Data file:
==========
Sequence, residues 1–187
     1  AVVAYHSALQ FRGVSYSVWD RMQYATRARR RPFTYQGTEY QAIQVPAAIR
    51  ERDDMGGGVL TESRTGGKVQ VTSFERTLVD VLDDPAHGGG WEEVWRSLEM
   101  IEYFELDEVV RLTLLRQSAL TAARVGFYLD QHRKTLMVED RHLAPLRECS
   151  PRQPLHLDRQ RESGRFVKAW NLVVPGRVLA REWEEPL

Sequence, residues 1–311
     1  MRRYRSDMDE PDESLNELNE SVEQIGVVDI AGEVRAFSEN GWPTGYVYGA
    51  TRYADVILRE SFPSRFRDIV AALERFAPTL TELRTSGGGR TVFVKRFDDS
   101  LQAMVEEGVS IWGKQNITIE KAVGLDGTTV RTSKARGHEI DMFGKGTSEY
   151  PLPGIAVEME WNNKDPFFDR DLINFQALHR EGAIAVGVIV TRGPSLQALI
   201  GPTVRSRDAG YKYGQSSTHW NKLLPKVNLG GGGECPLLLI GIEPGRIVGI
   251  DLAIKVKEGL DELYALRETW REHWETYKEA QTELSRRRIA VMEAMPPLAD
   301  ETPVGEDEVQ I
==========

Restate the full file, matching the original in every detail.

Sequence, residues 1–187
     1  AVVAYHSALQ FRGVSYSVWD RMQYATRARR RPFTYQGTEY QAIQVPAAIR
    51  ERDDMGGGVL TESRTGGKVQ VTSFERTLVD VLDDPAHGGG WEEVWRSLEM
   101  IEYFELDEVV RLTLLRQSAL TAARVGFYLD QHRKTLMVED RHLAPLRECS
   151  PRQPLHLDRQ RESGRFVKAW NLVVPGRVLA REWEEPL

Sequence, residues 1–311
     1  MRRYRSDMDE PDESLNELNE SVEQIGVVDI AGEVRAFSEN GWPTGYVYGA
    51  TRYADVILRE SFPSRFRDIV AALERFAPTL TELRTSGGGR TVFVKRFDDS
   101  LQAMVEEGVS IWGKQNITIE KAVGLDGTTV RTSKARGHEI DMFGKGTSEY
   151  PLPGIAVEME WNNKDPFFDR DLINFQALHR EGAIAVGVIV TRGPSLQALI
   201  GPTVRSRDAG YKYGQSSTHW NKLLPKVNLG GGGECPLLLI GIEPGRIVGI
   251  DLAIKVKEGL DELYALRETW REHWETYKEA QTELSRRRIA VMEAMPPLAD
   301  ETPVGEDEVQ I